To be honest, I used to think statistics was bullshit.
I went to grad school to study mathematical modeling in cell biology, and my research project was on enzyme kinetics. My university didn’t have many relevant courses – a modeling in ecology course, a couple on biophysics/protein modeling. So I looked up what math bio programs were like in other universities. The motivation is probably familiar to other biology-backgrounded math biologists – considering yourself a math biologist is really hard when you don’t have the coursework to back it up (even if it doesn’t really matter in many cases). Most courses from math bio degree programs weren’t available, but probability was, so I decided to take it.
I quickly discovered that I’d underestimated the difficulty of the course. After getting an F on the first two exams I went to see the professor. He encouraged me to stick with it, and pointed out this was the hardest class in the entire department. I stuck with it, although the possibility of my semester GPA dropping below a 3.0 meant I could lose my assistantship. But I ended up with a B-, and said fuck it, let’s go for the degree. The hard part’s over.(Apparently I forgot about the nights spent recalculating my GPA like a freshman).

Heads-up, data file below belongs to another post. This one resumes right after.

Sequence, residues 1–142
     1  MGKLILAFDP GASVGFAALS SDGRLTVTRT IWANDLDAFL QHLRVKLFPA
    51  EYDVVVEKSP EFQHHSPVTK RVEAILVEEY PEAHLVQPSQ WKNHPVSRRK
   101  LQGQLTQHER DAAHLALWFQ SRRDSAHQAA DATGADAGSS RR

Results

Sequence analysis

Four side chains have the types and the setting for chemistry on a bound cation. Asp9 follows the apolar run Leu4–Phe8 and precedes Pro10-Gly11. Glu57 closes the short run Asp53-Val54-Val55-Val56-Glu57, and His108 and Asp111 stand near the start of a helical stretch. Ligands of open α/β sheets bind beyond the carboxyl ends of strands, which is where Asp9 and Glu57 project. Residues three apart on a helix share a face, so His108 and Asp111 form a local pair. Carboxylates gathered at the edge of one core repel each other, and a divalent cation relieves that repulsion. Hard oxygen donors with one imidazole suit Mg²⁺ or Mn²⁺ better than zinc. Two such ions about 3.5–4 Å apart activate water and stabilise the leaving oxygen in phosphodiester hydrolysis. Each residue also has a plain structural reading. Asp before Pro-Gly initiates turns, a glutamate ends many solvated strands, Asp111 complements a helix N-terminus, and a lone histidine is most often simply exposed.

That ended up not being fully true – although that was the hardest course I’d ever taken, some other things made completing the degree stressful. Between the departmental assholes, and failing the written exam twice, I nearly quit a dozen times. (One time, I was about to quit when I got to work with an amazing professor for a consulting session – I will talk about that later). In the end, the desire to stick it to “them” and make the profs who believed in me proud won.
So, why did I get a statistics master’s? Not any reason in particular. (Just consider how intense the imposter syndrome is, haha). But I gained an appreciation for both statistics and my ability to be very stubborn and stupid. After all, if I could stick out the stress and effort for something I used to not even believe in, I would probably be able to stick out the things I do believe in.
Before I took all the classes for the degree, I thought statistics was bullshit because that’s how a lot of people talk about it and understand it – a magical number that makes your results publishable. Learning the math behind regression and probability distributions helped me understand why some of those numbers make sense. Or rather, the numbers are fine, its just their interpretation that gets iffy. So in that sense, I was correct! If you don’t believe me (or if you do), check out the book How to Lie with Statistics – it’s pretty cheap, short, and entertaining read from a used bookseller, or you can click the link to see a PDF scan. It’s about 70 years old at this point, but still quite relevant.